How to play backgammon
Backgammon is one of the oldest board games for two players. The playing pieces are moved according to the roll of dice, and players win by removing all of their pieces from the board
Place the pieces as shown on the next slide. This is the starting position.
Lower right quadrant is White's home. Upper right is Black's. The goal is to move all the men home and out of the board. Move the men in the direction of the arrows. That is, in opposite directions.
The game starts with both players rolling one die. The winner starts with those as his first throw. Here white wins the opening roll and starts by moving 1-3
He moves one piece 3 and another piece 1 to form a new "point" in his home area. A point can not be hit. Only when a piece is alone, can it be hit. A piece that is single is called a blot.
Black rolls both dice. He gets 6-5. He can move one piece from the back to the point in the middle. There is no limit to how many pieces can be on a single point. Note that black now has a blot.
White rolls 6-6, or double six. A double gives the player the right to move four pieces. White moves two from the back and two from the middle. It is not allowed to move backwards.
Black moves his 3-2 as shown. He need to escape with his backmost piece, before it is trapped. White has already four in a row, which makes it difficult for black.
White rolls 4-2. Now he can hit the black blot. He moves it to the bar, the line in the middle of the board. Black has to escape with the piece on the bar before he can continue the game.
Black rolls 6-6, but he can not move because the six is blocked by white. He need to enter in white's home area. Only one, two or three would allow black to escape. Black "dances".
White is lucky and rolls a double 5. He moves two pieces all the way from the middle (his mid-point) to his three point. Now black need to roll a one or two to escape from the bar.
Black dances again, and can not move. Remember, it is not allowed to move before you have escaped the pieces that is trapped on the bar.
White rolls 6-5 and makes his two-point. Now black needs a one to escape.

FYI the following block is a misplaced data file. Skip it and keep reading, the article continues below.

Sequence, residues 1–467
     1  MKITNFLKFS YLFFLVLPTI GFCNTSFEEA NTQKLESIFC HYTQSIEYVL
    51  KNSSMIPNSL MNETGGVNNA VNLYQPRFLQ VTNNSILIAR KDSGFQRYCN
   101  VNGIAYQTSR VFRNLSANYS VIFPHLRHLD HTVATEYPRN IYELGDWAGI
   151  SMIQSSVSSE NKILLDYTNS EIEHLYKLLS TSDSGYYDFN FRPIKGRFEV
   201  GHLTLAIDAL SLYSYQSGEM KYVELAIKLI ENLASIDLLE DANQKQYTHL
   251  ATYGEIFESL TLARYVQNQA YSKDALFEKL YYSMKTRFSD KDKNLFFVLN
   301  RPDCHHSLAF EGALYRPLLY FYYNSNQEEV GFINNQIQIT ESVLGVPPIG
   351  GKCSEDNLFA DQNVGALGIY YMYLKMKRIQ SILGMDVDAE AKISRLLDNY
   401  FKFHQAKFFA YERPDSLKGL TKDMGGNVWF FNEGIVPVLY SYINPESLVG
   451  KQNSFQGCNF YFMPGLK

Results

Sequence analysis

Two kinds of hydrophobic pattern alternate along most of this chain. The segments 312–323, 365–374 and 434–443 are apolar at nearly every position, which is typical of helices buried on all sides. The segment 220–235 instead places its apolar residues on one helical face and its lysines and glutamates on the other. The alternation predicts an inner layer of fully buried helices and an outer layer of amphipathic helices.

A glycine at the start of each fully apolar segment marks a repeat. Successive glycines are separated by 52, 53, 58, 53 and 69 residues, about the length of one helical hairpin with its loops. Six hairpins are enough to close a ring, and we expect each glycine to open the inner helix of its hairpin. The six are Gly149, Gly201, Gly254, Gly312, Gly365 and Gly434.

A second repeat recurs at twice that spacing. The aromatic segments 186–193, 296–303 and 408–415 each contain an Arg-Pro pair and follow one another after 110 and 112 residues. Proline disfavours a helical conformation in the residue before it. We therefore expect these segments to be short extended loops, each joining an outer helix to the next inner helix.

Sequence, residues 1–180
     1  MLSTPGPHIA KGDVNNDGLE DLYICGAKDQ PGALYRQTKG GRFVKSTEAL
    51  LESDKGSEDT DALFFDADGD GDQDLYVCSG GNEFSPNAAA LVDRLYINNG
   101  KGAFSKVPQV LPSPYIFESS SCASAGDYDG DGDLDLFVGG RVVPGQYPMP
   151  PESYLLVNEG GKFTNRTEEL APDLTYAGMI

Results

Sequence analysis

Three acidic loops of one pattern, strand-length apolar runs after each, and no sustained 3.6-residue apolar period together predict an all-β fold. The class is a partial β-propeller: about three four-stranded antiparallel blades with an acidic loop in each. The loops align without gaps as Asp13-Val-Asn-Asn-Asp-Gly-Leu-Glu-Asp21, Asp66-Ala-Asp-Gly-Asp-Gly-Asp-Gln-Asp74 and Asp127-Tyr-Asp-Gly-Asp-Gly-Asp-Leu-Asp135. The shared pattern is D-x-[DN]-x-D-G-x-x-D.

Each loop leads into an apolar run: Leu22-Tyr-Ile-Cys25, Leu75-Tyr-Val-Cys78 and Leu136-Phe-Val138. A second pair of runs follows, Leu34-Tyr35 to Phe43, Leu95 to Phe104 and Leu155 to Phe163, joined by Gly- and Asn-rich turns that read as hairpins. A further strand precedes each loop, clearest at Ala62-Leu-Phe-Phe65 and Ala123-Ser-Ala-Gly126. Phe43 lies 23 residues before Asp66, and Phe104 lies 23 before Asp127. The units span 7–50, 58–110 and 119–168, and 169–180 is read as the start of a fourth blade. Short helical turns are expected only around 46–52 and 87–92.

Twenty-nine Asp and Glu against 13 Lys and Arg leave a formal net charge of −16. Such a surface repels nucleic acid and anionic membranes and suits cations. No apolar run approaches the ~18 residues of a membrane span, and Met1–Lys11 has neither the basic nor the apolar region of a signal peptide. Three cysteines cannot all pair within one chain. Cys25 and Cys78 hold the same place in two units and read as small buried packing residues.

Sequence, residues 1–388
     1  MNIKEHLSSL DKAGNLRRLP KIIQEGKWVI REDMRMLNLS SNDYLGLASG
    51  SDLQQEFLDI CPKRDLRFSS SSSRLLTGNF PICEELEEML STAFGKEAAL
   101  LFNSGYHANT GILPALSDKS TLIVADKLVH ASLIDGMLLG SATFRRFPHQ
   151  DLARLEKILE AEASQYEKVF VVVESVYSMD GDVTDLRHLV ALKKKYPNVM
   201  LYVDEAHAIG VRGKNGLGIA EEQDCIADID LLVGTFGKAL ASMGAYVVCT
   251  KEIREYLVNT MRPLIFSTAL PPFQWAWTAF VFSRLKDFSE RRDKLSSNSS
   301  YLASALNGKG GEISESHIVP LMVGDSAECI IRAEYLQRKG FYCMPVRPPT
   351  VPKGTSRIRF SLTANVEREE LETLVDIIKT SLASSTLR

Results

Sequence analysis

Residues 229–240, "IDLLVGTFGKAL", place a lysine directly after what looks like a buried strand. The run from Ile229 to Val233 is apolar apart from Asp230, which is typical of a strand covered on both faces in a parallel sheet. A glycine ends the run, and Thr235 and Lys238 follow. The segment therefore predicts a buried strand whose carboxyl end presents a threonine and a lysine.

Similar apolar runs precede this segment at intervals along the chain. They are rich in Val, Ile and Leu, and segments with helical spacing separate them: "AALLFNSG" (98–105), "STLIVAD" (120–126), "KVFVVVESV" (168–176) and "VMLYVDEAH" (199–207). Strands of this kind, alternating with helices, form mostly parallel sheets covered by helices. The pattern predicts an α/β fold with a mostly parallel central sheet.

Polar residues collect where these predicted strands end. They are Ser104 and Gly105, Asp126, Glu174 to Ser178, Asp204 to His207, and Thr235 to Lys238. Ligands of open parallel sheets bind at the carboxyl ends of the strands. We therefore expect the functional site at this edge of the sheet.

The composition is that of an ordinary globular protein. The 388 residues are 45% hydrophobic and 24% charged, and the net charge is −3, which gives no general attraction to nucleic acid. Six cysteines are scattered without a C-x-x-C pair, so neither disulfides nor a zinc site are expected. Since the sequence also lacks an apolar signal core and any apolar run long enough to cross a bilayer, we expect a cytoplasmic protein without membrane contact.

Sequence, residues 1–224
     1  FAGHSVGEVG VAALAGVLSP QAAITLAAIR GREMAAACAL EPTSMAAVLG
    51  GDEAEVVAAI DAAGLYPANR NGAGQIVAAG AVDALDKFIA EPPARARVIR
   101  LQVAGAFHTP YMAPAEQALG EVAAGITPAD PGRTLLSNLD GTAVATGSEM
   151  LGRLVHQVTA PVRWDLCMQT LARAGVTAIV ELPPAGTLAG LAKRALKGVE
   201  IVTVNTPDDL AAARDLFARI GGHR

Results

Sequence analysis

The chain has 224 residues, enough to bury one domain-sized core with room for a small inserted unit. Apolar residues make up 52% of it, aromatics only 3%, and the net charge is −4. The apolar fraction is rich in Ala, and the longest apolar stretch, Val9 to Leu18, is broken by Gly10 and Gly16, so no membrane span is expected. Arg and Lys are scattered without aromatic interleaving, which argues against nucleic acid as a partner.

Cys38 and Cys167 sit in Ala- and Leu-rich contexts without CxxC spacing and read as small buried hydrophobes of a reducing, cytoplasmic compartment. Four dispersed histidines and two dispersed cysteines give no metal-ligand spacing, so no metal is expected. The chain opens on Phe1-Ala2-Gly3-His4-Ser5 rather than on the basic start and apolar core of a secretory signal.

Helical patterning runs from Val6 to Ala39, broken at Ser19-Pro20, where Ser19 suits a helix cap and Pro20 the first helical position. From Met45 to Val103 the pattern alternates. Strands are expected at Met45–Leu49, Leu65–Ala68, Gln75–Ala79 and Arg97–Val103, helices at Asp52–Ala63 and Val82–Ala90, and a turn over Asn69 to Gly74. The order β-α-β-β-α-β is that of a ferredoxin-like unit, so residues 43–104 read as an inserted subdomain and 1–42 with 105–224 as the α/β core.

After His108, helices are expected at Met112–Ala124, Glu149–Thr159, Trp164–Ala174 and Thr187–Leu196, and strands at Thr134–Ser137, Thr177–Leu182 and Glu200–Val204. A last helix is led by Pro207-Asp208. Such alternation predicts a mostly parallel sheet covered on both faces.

Black rolls 1-2 and can finally escape. He moves down from the bar and uses the 2 to cover the blot on his four-point.
White rolls 6-5 and hits black again. Now white has covered all his points in his home, and with black on the bar, there is no point for black to roll, because there is no escape.
White rolls until all his 15 pieces are in his home area. Now he can start to "bear off". With 6-6 he can take off 4 pieces. He can take out from the 5 point as long as there is none on a higher point
If you get a one, you can bear off from your first point and so forth. But, you are not forced to bear off, if it is not desirable. You can, for example, move from your sixth point to the fifth.
Now black can start to roll. He escapes with 6-1. He has lost, but he need to bear off at least one piece in order to not lose two points, which is called "a Gammon".
White rolls a double six and can bear off the four backmost pieces. If he finishes while black still has a piece on the bar or in his home area, he wins three points or "a Backgammon".
Black rolls 5-3 and escapes his backmost piece. Now he can not lose a backgammon.
White rolls another double and takes out four pieces. Now black will lose a gammon for sure
Black rolls 6-2 and moves two pieces inside his home area
White rolls another double and moves his last three pieces out of the board and wins a gammon. He gets two points. If black had managed to bear off at least one piece, he would lose one point.
- 1.0 Backgammon board